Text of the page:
Spam Levels Down Remarkably During H1-2011, Reports M86
According to M86 Security the security company, which published its new H1-2011 (January-June 2011) report, spam volumes have dropped tremendously from 2010 levels, as per Macworld.co.uk dated July 19, 2011.
Confirming this decline and at the reduced volume since then, M86 Security's latest report says that all other reliable security firms have been stating the same regarding spam volumes following the shutdown of Spammit.com the host for pharmaceutical spam, during September 2010.
Moreover, the SVI (Spam Volume Index) of M86 Security is currently 2000-or-so, approximately 50% of the value during the majority of 2010, which was 4,000-6,000. This suggests a favorable development due to help from law enforcement, which interrupted many major botnets, particularly Bredolab, Mega-D and Rustock.
Encouragingly, alongside spam reduction, the interruption as well altered the spam material, wherein junk e-mails related to counterfeit products, dating and gambling comprised the most frequent classifications challenging conventional pharma-related spam.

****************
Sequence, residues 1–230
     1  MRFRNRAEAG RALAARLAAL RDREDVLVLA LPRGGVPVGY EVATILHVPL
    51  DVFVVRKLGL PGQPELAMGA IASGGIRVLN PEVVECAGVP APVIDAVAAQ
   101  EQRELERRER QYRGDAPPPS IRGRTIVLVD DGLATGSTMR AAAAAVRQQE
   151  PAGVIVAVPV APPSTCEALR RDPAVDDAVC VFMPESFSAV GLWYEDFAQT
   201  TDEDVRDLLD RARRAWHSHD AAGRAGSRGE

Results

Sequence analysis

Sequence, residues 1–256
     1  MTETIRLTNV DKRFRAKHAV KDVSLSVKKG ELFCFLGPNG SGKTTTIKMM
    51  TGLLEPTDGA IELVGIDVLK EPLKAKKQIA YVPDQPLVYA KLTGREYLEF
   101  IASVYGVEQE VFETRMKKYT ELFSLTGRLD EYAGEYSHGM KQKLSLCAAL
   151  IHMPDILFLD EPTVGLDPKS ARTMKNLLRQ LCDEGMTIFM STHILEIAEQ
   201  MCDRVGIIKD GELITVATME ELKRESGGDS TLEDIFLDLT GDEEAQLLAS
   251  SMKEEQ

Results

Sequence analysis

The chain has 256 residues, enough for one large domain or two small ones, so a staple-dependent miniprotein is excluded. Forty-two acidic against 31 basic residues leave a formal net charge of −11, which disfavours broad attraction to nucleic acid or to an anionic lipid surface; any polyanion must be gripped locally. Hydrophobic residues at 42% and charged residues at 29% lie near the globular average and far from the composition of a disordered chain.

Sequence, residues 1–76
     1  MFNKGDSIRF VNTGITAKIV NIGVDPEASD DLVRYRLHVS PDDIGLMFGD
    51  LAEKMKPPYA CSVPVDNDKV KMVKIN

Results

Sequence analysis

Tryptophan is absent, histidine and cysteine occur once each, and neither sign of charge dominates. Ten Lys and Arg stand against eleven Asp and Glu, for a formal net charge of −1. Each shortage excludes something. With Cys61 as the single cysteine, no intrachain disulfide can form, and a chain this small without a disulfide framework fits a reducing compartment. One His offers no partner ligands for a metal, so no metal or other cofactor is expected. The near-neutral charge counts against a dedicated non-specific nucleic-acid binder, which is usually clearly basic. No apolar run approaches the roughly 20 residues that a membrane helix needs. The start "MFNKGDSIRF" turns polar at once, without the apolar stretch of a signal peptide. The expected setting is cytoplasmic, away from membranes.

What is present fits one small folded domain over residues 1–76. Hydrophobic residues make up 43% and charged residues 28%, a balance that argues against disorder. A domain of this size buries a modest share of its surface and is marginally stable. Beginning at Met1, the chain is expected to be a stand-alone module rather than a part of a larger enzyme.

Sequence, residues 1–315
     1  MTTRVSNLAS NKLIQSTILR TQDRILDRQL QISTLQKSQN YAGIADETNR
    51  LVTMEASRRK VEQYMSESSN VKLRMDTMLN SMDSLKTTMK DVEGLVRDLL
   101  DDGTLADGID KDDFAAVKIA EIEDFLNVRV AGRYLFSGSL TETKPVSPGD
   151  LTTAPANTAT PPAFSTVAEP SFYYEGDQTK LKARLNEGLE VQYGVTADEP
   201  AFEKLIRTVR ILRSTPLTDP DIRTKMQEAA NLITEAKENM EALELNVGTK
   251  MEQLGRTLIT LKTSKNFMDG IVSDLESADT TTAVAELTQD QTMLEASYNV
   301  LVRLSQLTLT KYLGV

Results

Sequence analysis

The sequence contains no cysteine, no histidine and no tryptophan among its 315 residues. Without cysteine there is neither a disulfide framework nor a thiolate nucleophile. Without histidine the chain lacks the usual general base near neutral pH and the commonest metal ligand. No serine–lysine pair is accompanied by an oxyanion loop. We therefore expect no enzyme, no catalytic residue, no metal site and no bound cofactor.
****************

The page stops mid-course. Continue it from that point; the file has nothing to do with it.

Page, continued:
Meanwhile, according to M86 Security, phishing e-mails aren't as common as before since they currently contribute merely at the rate of one in 1,000 spam mails dispatched, albeit spam carrying attachments continue to be around five percent of total spam.
Next, M86 Security's report also discusses scams through social networks that have climbed to fresh heights. Websites like Twitter and Facebook have gotten to be routine attack points for scams. Presently, scams not merely pressurize end-users for revealing personal information through Internet polls, which yield commissions to scammers, but also make end-users vulnerable to malware. This' evident from one instance wherein innumerable users of Facebook have been victimized with a malware scam pretending to be a web-link supposedly taking onto a sex-video associated with Dominique Strauss-Kahn, former IMF chief ever-since the alleged reports about him sexually engaging with a woman attendant in a New York hotel. The scam stayed alive for over 72-hrs, the report mentions.
Lastly, during H1-2011, personalized assaults grew, which utilized Microsoft Excel files having Flash (.swf) documents for abusing security flaws, M86 notes. This technique, employed within the personalized assault on RSA, say, is difficult for security software to spot since both elements require being split for assessment, M86 concludes.
Related article: Spam Scam Bags a Scottish Connection
» SPAMfighter News - 26-07-2011
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